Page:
Swimming Counters Rules
In longer swim events, such as the 500, 1000, and 1650, it can become a challenge for athlete’s to keep track of their progress while competing. During each of these races, plus the 800 and 1500-meter freestyle races, swimmers are allowed to utilize a counter to help them locate themselves within the pool. The rules for these counters are laid out in the USA Swimming Rulebook. Read on to learn more about the rules around counters in regulation swimming events.
Some swimmers hoping to pace themselves throughout their races and keep track of their place in the pool will elect to use verbal counters. Swimmers choosing this method of recording their laps are only allowed to elect one counter. The counter is allowed to use a watch to record the swimmer’s time and progress and verbally communicate this information to their swimmer.
The counter must stand either at one of the pool’s sides or at the end of the pool opposite the starting line. This can be an encouraging option, as the swimmer can hear the voice of a counter cheering them on while making their progress through the race.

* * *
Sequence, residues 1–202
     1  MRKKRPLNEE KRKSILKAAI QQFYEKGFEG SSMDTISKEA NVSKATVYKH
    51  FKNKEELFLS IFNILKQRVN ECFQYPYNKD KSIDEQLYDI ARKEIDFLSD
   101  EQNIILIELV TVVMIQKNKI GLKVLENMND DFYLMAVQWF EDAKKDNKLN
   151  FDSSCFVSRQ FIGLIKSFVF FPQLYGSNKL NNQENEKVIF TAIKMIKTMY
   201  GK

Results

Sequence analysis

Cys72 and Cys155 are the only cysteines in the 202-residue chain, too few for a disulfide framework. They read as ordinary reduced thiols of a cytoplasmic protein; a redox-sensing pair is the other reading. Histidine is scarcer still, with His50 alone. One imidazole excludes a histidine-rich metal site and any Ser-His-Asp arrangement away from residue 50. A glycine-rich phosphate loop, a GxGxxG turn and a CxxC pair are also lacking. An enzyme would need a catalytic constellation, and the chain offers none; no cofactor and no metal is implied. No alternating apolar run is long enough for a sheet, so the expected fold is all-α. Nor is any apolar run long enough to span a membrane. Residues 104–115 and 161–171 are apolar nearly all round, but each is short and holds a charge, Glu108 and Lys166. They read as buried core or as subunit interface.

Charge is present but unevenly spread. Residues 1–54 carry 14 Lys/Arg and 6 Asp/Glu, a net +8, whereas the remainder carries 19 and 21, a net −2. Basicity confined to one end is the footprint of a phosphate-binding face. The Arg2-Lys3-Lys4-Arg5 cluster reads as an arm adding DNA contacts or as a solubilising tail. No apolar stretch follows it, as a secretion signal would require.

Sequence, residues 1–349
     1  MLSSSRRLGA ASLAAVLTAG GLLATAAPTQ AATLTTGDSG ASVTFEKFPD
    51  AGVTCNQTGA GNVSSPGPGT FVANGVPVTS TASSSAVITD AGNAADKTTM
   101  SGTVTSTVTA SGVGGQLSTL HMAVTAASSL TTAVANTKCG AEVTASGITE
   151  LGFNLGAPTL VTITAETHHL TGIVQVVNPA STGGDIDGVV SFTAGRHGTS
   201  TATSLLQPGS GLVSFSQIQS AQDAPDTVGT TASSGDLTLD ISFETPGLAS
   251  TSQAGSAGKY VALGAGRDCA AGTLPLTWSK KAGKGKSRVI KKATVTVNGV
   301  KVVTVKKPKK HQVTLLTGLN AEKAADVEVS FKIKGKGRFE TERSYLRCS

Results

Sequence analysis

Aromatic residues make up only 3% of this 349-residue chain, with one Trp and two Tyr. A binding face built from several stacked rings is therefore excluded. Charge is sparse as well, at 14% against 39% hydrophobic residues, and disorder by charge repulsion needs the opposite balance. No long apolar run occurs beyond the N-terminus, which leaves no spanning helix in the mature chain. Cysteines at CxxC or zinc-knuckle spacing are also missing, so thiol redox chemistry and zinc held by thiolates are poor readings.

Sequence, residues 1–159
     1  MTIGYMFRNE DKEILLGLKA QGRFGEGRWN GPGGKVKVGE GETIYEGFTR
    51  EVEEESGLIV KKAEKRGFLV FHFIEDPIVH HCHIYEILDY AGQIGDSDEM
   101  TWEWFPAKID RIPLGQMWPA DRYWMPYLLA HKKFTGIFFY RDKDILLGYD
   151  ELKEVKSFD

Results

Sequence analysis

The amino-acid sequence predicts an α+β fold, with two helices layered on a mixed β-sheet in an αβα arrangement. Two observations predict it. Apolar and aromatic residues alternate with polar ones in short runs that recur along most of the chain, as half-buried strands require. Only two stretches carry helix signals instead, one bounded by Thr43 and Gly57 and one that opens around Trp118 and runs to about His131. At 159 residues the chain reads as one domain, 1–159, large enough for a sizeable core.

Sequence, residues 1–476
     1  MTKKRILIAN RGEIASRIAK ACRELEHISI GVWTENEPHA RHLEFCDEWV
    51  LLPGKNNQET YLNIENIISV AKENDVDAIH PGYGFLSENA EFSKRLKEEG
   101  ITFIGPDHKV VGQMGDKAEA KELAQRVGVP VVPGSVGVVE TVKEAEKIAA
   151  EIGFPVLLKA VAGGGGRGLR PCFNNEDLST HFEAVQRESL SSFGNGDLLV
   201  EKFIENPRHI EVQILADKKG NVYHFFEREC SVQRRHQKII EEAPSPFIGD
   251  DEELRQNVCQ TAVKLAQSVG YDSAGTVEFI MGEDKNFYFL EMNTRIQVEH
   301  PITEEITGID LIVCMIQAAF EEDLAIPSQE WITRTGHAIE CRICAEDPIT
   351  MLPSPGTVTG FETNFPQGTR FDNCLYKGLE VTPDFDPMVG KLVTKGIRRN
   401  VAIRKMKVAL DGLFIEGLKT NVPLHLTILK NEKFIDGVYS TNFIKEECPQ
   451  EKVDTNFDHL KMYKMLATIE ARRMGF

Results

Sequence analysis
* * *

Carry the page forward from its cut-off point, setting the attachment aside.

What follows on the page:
Visual counters, on the other hand, as their name suggests, give swimmers a place to focus their eyes and find information about where they are in the race. Similarly to verbal counters, visual counters are allowed on either side of the pool. However, they are also allowed on either end of the pool, whereas verbal counters are only allowed on the end opposite the starting line.
Visual counting devices are also allowed inside of the pool, but the referee must first agree that they will not present a safety hazard or obstruct any athletes. These counting devices are typically similar to stopwatches but specially designed for swimmers. Interestingly, these counters can range from anywhere between $8 and $1,800, depending on the quality.
Regardless of which type of counter a swimmer chooses, counters play an important role in helping long-distance swimmers pace themselves throughout their race. Both types of counters are allowed to count in either descending or ascending order.
On occasion, a counter will incorrectly signal a swimmer about their laps, or a recording device will fail. If this happens, the swimmer is still responsible for finishing the race in full. Due to this rule, it is important that swimmers not rely solely on whichever counting method they have chosen. Swimmers should always be aware of their surroundings in the pool and strive to keep track of time and laps as they go.